The factors mentioned throughout reflect the conflicting opinions of the upper and working classes, regarding alcohol consumption. Simply put, the upper classes felt that increasing drunkenness was a sign of the loss of social control (referring to control by the government and other institutions like the church). The upper classes were threatened by the formation of the labor movement in the taverns, because it reshuffled the base of political power, making the working class more powerful. Labor unions were also viewed with suspicion, particularly because they were the result of the spread of socialism, which was the basis of the labor movement and empowerment of the working class. Socialism was also opposed by the church because of its condemnation of religion as a form of oppression ("Religion is one of the forms of spiritual oppression which everywhere weighs down heavily upon the masses of the people, over burdened by their perpetual work for others, by want and isolation"11) . Generally, these people felt the regulation of alcohol was hitting the problem at the root. They saw it as a means of not only reducing general alcohol related problems like crime, but also fight political radicalism, socialism, and once again giving them the upper hand over the now empowered worker.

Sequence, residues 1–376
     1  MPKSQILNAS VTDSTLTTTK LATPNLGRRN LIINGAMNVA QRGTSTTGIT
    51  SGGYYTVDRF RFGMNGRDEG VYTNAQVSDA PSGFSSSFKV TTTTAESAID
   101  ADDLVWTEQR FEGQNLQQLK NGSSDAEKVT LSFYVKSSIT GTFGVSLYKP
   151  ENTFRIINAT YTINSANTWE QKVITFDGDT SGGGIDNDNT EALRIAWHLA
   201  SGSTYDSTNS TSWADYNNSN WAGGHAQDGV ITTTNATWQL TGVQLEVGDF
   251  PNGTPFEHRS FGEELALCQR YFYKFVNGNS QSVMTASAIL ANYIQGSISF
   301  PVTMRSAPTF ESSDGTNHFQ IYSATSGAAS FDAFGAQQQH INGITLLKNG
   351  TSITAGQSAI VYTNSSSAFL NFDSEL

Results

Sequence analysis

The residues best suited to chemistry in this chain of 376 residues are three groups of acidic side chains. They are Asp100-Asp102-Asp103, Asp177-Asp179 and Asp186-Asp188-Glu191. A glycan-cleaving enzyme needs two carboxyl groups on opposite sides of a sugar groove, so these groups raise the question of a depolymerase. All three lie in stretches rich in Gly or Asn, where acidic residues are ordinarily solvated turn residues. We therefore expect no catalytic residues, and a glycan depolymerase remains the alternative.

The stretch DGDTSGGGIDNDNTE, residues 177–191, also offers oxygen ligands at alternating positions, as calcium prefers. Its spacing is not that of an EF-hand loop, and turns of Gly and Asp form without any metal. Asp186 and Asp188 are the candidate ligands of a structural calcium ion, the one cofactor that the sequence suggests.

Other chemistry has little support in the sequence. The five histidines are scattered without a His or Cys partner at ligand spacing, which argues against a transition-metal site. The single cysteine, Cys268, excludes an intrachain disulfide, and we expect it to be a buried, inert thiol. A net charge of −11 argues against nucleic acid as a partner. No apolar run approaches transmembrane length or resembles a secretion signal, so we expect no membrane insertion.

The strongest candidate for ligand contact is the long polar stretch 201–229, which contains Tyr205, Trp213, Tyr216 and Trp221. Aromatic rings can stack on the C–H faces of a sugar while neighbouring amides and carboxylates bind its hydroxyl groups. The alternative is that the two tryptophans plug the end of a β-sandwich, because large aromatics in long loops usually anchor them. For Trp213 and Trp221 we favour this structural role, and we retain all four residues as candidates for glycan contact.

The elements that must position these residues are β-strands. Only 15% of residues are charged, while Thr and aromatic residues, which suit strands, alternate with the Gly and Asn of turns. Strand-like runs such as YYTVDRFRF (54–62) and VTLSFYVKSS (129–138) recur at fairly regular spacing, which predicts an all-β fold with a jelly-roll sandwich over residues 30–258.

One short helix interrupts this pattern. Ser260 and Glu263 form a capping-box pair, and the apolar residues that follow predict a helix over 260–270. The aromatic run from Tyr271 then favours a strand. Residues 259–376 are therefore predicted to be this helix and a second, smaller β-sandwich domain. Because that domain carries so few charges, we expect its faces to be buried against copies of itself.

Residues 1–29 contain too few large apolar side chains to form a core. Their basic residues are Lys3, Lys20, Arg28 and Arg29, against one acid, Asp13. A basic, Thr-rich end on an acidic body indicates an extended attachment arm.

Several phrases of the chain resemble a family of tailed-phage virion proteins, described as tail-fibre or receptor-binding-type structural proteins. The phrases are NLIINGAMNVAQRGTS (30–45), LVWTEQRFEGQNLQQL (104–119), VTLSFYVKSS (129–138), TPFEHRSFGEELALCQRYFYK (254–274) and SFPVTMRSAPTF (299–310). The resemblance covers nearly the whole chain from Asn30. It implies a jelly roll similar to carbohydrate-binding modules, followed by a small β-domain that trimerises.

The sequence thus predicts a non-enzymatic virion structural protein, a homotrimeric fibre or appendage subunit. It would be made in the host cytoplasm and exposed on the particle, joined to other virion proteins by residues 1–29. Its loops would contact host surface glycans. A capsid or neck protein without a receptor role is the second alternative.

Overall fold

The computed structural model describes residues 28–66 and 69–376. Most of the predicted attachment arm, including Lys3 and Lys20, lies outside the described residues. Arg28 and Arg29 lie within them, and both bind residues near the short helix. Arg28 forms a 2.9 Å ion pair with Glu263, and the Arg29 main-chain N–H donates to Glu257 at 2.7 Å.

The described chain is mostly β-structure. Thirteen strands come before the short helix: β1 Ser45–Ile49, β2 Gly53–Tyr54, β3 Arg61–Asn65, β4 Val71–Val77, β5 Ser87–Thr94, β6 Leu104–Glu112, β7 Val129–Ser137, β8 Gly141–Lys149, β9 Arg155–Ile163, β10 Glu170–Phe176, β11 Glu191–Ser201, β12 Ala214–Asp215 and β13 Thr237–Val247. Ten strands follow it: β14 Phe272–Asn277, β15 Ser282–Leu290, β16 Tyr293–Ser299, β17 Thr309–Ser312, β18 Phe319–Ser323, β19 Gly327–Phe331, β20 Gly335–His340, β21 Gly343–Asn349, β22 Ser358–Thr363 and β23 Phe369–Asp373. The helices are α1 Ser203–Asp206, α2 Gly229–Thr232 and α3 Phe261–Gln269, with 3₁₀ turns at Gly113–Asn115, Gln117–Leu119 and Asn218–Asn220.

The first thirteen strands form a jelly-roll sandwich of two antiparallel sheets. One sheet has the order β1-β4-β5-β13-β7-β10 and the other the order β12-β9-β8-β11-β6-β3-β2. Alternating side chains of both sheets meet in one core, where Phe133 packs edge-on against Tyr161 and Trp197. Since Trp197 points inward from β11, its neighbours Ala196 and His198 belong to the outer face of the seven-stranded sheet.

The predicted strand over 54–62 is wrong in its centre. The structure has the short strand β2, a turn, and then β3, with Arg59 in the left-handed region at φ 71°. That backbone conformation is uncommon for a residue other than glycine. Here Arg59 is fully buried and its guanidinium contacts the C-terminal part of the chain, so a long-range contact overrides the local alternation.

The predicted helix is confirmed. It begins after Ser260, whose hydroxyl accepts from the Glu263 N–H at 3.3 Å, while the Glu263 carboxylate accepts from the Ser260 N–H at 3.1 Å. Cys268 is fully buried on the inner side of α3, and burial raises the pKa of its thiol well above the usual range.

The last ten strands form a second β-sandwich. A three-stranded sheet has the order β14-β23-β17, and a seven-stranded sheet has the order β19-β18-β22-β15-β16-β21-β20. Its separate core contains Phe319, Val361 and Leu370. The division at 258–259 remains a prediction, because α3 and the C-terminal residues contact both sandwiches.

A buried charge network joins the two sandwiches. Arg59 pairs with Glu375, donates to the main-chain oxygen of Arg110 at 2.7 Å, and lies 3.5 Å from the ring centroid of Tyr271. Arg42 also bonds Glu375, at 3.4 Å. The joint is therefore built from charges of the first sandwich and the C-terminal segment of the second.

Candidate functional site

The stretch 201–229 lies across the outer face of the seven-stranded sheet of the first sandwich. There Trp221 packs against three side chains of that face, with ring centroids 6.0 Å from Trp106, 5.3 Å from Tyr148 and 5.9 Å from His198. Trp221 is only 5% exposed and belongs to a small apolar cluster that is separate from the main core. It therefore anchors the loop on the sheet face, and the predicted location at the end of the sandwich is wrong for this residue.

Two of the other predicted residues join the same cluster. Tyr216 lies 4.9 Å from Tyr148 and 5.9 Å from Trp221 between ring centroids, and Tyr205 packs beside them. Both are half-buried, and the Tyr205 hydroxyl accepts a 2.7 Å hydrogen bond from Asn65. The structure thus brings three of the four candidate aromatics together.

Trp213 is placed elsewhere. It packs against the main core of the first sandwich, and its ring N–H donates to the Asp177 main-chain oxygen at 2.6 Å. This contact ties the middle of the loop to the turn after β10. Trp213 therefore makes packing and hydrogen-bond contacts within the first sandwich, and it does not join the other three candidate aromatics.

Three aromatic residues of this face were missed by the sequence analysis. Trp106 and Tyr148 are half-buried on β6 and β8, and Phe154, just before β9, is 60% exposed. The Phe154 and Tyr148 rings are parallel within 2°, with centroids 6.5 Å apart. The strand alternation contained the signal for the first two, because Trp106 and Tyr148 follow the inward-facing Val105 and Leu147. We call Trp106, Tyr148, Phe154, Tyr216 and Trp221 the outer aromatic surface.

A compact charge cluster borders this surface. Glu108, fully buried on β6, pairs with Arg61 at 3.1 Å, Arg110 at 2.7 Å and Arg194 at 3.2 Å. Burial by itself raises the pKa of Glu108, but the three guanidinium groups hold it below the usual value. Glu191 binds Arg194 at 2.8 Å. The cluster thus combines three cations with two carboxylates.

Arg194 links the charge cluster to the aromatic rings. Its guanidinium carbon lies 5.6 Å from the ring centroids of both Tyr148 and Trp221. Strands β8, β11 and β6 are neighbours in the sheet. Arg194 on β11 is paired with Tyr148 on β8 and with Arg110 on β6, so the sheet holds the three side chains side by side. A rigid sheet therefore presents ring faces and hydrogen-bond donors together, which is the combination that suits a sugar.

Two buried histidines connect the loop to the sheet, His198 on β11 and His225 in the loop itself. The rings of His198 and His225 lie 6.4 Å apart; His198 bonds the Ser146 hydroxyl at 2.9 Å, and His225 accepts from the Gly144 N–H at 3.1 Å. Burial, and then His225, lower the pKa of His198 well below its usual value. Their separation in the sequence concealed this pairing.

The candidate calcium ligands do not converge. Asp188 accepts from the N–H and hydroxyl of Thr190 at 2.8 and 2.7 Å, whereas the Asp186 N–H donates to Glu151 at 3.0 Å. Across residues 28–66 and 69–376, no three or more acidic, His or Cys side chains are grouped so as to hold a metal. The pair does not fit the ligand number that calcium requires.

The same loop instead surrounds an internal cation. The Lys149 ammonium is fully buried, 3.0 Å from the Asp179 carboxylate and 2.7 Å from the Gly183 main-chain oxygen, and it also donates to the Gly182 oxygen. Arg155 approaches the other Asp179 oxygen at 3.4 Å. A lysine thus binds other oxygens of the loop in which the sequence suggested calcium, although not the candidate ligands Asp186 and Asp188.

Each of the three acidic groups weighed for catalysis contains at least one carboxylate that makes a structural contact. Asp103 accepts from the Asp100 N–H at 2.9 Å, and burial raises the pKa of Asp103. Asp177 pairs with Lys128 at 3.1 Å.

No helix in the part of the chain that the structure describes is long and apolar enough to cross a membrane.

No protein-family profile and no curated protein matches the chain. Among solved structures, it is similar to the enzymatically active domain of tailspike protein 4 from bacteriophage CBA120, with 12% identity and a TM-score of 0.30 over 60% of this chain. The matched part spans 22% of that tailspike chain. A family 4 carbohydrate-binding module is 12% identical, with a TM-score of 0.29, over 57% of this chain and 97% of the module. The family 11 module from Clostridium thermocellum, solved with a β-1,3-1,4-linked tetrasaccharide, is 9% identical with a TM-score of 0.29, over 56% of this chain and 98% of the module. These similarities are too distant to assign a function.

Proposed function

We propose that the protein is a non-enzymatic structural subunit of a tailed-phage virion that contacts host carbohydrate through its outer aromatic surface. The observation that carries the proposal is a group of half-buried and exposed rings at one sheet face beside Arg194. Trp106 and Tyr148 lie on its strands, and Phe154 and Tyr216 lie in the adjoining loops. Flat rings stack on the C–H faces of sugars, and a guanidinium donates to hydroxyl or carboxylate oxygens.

The working class perceived any attempt to regulate alcohol consumption as a means of oppression. To them, the visions drawn up by the socialists were groundbreaking. The idea of a common worker yielding such political power was lucrative (to them), hence regulation of alcohol was seen as an attempt to take away their new found freedom by restricting their use of the pub, the tavern and the cabaret. The working classes also felt that the linking of alcohol as the source of moral decay was unjust because unlike the upper classes (who could afford a large variety of entertainment), their only sources of recreation were the public drinking places. Here they could have social lives beyond family and work, in a comfortable, non-hierarchical environment. Alcohol itself was a source of divide between the classes. However, the consequences of alcohol consumption, including the catering to a new, less sophisticated market and the rise of unifying and amicable environment for the working class, gave rise to features (e.g., labor movement), which had far more significant bearings on the class divide than alcohol itself.